We have a $315,000 bare bones budget. We own no vehicles and have no office. Our administrator is a volunteer. We have put all our efforts into caring for the cats but to truly succeed we must now grow our Board of Directors and pool of donors. In June we hired Terry Lee Kaly, a professional financial consultant, who has held high positions with Girl Scouts of America, Big Brothers/Big Sisters, and American Humane Assoc. She is helping PBIC take the next step, by improving our administrative side and moving ahead with fund raising.

 

Our Board of Directors is Isabel Furlaud, Cheryl Giangrande, Susan Gibson, Michael Harris, David and Gail Leavitt, Sandy Lovett, Allen and Zelda Mason and Florence Metzger. Our honorary Board is Jane Grace and Paige Rense Noland and our Advisory Board is Dr. Brad Ochstein, Richard Anderson (Executive Director/CEO at Peggy Adams ARL) and Marcy Lahart, Attorney.

 

PBIC hosted a volunteer appreciation picnic at the Royal Poinciana Chapel in July providing an opportunity for the volunteers to network.  This summer the Park Avenue memorial bricks were installed and this project is now complete.  In October we had our most successful celebrity bartender event to date at Nick and Johnny’s with radio hosts Mo and Sally behind the bar. It was a well-attended and fun event.  In December an end of year appeal was mailed as were the invitations to the January 9th High Tea at the Chesterfield.

On December 1st PBIC was the 4th charity selected from more than 200 applicants in the Fidelity Charity Challenge in Wellington guaranteed PBIC $10,000 along with the opportunity to win $150,000 in January.  Support is growing. Wells Fargo became the first bank to underwrite one of our events and Searcy Denney, Scarola, Barnhart & Shipley is helping us now too. We have added 3 new Board members. The biggest news is that we may be accepted by a major organization supporting local charities which is all we can say about this for now.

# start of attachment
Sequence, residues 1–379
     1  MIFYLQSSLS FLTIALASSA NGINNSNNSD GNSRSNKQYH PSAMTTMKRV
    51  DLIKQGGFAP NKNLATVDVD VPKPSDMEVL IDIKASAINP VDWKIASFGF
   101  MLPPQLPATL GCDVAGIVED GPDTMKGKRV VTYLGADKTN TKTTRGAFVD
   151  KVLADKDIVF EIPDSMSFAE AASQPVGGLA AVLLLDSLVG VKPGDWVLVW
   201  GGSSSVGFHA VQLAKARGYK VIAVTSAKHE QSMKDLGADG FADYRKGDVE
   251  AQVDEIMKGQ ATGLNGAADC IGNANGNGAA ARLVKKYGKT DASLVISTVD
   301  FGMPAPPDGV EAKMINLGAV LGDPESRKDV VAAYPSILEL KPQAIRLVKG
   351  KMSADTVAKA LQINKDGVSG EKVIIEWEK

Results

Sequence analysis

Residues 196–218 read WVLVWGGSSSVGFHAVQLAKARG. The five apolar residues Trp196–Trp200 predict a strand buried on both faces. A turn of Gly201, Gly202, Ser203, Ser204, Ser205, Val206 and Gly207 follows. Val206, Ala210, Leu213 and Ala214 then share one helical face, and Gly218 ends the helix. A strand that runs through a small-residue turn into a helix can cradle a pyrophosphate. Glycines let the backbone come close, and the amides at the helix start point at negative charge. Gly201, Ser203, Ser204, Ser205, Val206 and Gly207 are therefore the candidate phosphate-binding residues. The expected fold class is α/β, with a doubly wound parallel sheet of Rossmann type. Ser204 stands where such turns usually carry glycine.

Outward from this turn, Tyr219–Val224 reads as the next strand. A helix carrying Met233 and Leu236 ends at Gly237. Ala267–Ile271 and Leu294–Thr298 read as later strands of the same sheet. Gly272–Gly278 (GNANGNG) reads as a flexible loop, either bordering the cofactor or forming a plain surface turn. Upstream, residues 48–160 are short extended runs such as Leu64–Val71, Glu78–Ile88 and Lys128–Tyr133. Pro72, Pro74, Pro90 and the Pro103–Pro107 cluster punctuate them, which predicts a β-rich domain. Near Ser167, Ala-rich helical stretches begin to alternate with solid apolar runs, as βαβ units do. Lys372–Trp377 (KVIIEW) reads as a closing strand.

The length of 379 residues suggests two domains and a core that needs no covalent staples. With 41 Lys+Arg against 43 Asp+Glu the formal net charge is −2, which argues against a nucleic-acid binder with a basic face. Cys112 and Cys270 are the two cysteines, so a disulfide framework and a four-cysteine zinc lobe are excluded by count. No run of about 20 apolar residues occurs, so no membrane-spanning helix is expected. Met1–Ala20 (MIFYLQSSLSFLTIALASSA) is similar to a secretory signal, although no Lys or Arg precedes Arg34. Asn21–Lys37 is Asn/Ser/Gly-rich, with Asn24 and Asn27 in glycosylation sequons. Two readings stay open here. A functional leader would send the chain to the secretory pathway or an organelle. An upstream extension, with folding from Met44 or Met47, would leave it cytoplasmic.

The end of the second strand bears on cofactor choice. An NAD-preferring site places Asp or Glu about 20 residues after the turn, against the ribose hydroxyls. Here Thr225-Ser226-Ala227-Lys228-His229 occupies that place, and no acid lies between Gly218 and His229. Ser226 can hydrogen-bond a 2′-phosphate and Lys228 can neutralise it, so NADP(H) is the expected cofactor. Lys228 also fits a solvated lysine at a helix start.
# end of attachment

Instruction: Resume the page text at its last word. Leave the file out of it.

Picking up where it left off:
2013 will be a pivotal year for PBIC, and PBIC is hosting it’s first gala at Club Collette in March; this will be a high water mark for our organization and our fundraising efforts.

 

All of this would not have been possible without the support given to us by the Council during our most desperate days. It meant our very survival. We thank the Town Council for their faith in PBIC and especially for your personal support.  We promise to continue working hard to earn your respect.

Charity Challenge Event

PBIC was thrilled to selected as one of the charities to benefit from the Fourth Annual FTI Consulting Great Charity Challenge.  It was presented by Fidelity Investments Saturday evening, January 26, 2013 at the Palm Beach International Equestrian Center in Wellington. The event, which raised $1.5 million for 34 charities in Palm Beach County, is a part of FTI’s Winter Equestrian Festival, which started Jan. 9 and runs to March 31.

 

[Click here for full story]

Palm Beach Island Cats lauded, but council shouldn&#039;t be complacent

The Town Council has been purring contentedly, now that the nonprofit Palm Beach Island Cats organization appears to have found its financial feet. After all, Palm Beach’s elected officials have said in no uncertain terms that they have no interest in providing municipal funding for a critical public-health issue — ...

[Click Read Full Article @ Palm Beach Daily News]